Truth is, whatever the content of the message was, I haven’t the slightest. I wanted to remember, I wanted to capture whatever words I had said and hold them hostage for use another time. Much like Winston Churchill’s 1939 radio statement concerning Russia, however, the entire sermon remained “a riddle wrapped in a mystery inside an enigma”. My only explanation for the lapse in memory is simple, though; it wasn’t me, the words weren’t mine.
Sitting there the center of attention, the man of the hour, the guy with a word from God receiving a boatload of accolades, I wanted to scream out aloud; “Stop it! Just stop it! Don’t you guys get it? That wasn’t me out there this morning. The man you saw nonchalantly moving about with a bible in his hand doing whatever it was he was doing, that was a zombie – dead man walking. The voice you heard, that wasn’t mine. Like John the Baptist, I was but a voice crying out in the wilderness (the jungle, or the rain forest, whichever you prefer to call it), but more like doubting Thomas than John the Baptist. God stepped up to the plate this morning, ladies and gentlemen; he took the bat out of my hands, he hit the ball, he drove in the runs – it wasn’t me.”
I joined the celebration letting the world see a smiling face, but the heart of shame that pounded in my chest they did not see. I had not trusted God at the breakfast table, I had tried to manufacture a sermon on my own. The fact of my not knowing anything at all about the people I would preach too, their manners and customs, their language, the idioms and other parts of speech peculiar to their language never entered my mind. I was just mindlessly going through the motions of regularity doing things as I always have. I had a lot to learn on this trip, and there was so much to learn about. A foreign people, a foreign land, myself, and the God I thought I knew. It’s funny in a way, finding out how little how much we think we know about God is.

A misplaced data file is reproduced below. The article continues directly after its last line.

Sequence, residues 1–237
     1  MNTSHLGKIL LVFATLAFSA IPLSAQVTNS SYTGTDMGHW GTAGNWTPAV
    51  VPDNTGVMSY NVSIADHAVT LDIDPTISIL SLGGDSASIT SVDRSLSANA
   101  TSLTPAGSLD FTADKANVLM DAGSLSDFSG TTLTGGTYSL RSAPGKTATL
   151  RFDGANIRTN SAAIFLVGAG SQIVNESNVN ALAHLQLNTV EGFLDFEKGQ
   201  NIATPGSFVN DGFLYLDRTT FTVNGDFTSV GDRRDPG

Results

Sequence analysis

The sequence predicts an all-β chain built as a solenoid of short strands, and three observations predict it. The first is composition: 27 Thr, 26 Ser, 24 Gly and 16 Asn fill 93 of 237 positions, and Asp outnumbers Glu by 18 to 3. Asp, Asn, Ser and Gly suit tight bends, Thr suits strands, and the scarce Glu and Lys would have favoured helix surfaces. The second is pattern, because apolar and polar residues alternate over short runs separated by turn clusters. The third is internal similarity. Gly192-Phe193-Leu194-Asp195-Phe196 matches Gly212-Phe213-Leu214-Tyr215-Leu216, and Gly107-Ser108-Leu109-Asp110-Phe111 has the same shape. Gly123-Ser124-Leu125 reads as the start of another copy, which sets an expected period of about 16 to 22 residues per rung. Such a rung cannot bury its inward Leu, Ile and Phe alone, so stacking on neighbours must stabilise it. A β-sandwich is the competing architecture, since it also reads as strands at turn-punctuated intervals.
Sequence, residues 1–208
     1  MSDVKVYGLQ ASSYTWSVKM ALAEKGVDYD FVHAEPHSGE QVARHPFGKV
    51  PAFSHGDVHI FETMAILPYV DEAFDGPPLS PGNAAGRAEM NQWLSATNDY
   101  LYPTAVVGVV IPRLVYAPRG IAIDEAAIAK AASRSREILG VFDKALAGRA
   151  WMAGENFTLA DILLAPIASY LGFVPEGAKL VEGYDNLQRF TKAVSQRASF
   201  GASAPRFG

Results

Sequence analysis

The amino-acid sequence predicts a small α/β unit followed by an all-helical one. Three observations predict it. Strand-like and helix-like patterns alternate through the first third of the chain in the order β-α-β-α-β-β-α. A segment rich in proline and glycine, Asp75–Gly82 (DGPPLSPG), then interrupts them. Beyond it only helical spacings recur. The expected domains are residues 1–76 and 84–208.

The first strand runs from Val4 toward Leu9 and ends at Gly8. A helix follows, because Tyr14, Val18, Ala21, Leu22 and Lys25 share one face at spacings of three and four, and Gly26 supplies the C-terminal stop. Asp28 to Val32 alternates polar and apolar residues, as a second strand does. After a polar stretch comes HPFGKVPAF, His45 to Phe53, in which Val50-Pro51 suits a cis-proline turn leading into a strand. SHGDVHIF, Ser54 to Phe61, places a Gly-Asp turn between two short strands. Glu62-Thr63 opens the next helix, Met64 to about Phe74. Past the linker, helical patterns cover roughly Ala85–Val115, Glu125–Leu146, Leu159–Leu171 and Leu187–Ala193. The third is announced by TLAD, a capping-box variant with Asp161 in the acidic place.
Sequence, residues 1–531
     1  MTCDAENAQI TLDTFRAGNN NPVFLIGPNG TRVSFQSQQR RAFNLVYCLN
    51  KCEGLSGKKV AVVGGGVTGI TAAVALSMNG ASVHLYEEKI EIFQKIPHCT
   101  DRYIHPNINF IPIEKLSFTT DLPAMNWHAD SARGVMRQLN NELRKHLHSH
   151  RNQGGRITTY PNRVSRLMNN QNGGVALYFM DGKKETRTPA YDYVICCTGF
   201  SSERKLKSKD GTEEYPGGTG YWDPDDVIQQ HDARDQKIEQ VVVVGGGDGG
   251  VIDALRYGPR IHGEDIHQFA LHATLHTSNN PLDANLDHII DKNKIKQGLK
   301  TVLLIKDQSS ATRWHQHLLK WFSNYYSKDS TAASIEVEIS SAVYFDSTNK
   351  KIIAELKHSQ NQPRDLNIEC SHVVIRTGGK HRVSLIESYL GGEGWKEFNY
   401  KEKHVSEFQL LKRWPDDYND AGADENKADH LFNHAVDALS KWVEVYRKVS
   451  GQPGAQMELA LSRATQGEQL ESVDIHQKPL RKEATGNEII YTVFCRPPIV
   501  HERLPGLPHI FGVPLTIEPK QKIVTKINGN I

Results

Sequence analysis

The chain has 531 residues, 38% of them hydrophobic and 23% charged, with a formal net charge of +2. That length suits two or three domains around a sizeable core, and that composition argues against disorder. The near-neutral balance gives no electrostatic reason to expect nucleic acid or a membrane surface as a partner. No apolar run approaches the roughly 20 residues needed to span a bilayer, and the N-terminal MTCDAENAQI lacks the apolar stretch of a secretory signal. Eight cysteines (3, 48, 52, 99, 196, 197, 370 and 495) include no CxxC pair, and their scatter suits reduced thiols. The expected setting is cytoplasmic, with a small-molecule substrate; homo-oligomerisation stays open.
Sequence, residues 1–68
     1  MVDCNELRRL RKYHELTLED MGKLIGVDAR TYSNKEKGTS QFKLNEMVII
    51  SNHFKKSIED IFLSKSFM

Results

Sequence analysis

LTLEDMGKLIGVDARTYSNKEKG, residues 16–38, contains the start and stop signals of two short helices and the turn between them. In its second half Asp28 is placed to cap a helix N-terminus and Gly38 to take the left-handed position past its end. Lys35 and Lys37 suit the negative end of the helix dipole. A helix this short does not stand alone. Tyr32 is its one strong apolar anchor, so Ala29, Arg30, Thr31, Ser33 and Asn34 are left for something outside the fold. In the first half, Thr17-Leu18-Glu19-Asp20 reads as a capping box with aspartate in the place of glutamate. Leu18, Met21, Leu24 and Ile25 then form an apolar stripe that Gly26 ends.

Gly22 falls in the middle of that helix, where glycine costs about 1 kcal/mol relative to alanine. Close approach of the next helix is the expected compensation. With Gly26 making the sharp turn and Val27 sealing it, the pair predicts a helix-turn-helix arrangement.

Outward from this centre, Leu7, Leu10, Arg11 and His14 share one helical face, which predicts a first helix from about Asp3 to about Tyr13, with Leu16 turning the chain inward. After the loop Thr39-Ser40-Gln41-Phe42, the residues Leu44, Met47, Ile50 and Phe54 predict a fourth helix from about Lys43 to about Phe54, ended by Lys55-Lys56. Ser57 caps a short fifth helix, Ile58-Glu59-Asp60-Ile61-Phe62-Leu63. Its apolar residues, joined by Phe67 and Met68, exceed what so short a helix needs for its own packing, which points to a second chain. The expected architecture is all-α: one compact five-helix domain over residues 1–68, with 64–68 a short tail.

No one kept count. We had handed out at least a case of bibles and two packages of “Good News” gospel tracts, both in Spanish. The morning’s effort had been something I would imagine similar to the events of Acts 2 on the day of Pentecost. Other than people talking and the boats engine begging for more Pennzoil, I didn’t hear a sound nor did I feel a breeze. Little doubt, though, a mighty rushing wind had made its way down from heaven sweeping over the bow of the boat. I don’t think I spoke in a language not my own, I’m not certain, but my preaching tongue was definitely under the control of the Holy Spirit.
Walking through the boat a little later, I fully expected to see the bibles and tracts laying around without a crease in the page and definitely not dog-eared. Many times I have passed out literature at public gatherings and events later finding them littering the ground or tossed in a garbage can. Many years ago I was asked by a concerned parishioner to visit with her brother who had been convicted of killing a convenience store clerk in an armed robbery and now sat on death row in Huntsville, Texas. Knowing he would soon step into eternity, she needed peace.
Having leaped the hurdles and jumped through all the hoops required by the Texas Department of Corrections for “Spiritual Advisor” visits, I made the two and half hour drive down I-45 in a little under 4 (Texas highways are most always under construction). Arriving at the prison, the guard towers overlooking the 11,247-acre compound known as the Ellis Unit grabbed my attention. Was a guard with a .30-06 putting me in the crosshairs? Probably not, but you will think about it. Having been searched at the guard shack (me and the thing I called a car) I drove through the gate, located an empty slot and parked. I had been in prayer mode all 171 miles of the journey but the thought of entering a maximum security prison being a bit chilling, one more prayer seemed appropriate before going in.